Three weeks ago I got back from one of the most amazing experiences of my life. I joined up with forty young people from around the world to attend the United Nations climate change conference in Bonn, Germany. We were there from a huge variety of civil society organisations, but collectively we were YOUNGO- the youth NGOs.
On the very first day we were very kindly given the chance to speak during a debate on climate change and education. Having been involved with education campaigning here in the UK through NUS I managed to cobble together some kind of speech in the 15 minutes we had to prepare and went for it. I decided that unless my speech was direct I’d always regret it afterwards, so I really went for it. The vulnerable Alliance of Small Island States who are in danger of being flooded out of existence especially seemed to like what I was saying.
It was only then that it dawned on me that most of the negotiators needed- and wanted- the vibrancy and passion young people bring to conferences to ensure that the discussions stay as progressive and optimistic as possible. Without us to prod, poke and provoke the proceedings, one negotiator confided in me, they were in danger of forgetting why they were all there.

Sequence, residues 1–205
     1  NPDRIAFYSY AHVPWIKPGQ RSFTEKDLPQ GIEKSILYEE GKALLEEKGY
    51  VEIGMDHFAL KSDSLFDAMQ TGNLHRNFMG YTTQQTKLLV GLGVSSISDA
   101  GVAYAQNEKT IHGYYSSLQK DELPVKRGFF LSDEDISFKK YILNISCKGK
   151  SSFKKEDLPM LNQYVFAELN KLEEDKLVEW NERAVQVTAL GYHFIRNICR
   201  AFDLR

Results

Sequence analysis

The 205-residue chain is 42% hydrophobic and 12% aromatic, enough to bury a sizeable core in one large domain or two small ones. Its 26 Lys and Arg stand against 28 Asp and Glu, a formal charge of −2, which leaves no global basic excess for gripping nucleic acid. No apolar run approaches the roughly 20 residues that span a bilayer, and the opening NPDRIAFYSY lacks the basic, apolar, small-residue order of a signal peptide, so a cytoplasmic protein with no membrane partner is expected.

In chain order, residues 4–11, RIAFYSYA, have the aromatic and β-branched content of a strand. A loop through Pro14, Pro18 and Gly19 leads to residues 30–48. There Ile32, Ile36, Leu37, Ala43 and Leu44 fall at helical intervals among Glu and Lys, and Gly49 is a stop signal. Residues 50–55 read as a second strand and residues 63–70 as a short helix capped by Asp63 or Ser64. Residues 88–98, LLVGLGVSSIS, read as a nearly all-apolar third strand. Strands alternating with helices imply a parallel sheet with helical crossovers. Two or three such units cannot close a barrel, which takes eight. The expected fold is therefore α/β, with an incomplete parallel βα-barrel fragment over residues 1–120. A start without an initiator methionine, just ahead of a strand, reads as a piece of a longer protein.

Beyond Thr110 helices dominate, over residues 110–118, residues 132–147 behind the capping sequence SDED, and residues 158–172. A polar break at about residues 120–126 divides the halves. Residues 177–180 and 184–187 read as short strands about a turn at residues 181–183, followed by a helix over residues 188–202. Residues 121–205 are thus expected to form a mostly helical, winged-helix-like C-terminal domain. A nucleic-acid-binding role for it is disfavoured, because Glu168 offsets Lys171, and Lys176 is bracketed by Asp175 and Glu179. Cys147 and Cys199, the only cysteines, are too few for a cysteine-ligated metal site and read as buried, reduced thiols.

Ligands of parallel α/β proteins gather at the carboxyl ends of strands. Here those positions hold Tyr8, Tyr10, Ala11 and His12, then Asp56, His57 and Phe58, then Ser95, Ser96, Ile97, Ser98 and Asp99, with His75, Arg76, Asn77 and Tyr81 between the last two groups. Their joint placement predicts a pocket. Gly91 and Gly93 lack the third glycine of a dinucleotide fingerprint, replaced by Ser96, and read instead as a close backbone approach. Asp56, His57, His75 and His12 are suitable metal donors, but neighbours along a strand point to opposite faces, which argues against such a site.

It wasn’t just speeches either. Almost every day we engaged in some kind of direct action, usually right in the middle of the conference foyer. From a tug-of-war between a cleaner planet and the oil lobby (see the photo above) to a silent protest right along the corridor to the main plenary room, we made sure that the threats posed by climate change stayed at the top of the agenda, rather than the money from the fossil fuel industry.
Going to the conference in Bonn felt like a once-in-a-lifetime opportunity. But actually, the period of time we’re living in right now is crucial to combating catastrophic climate change and it’s up to us to make sure we agreements are as strong as possible.
We’re the generation who can make the difference. Make it.
Students in the UK can find out more about attending UN conferences by visiting http://ukycc.org/
Paul Tobin is a member of NUS Society and Citizenship zone committee and Ph.D student at the University of York.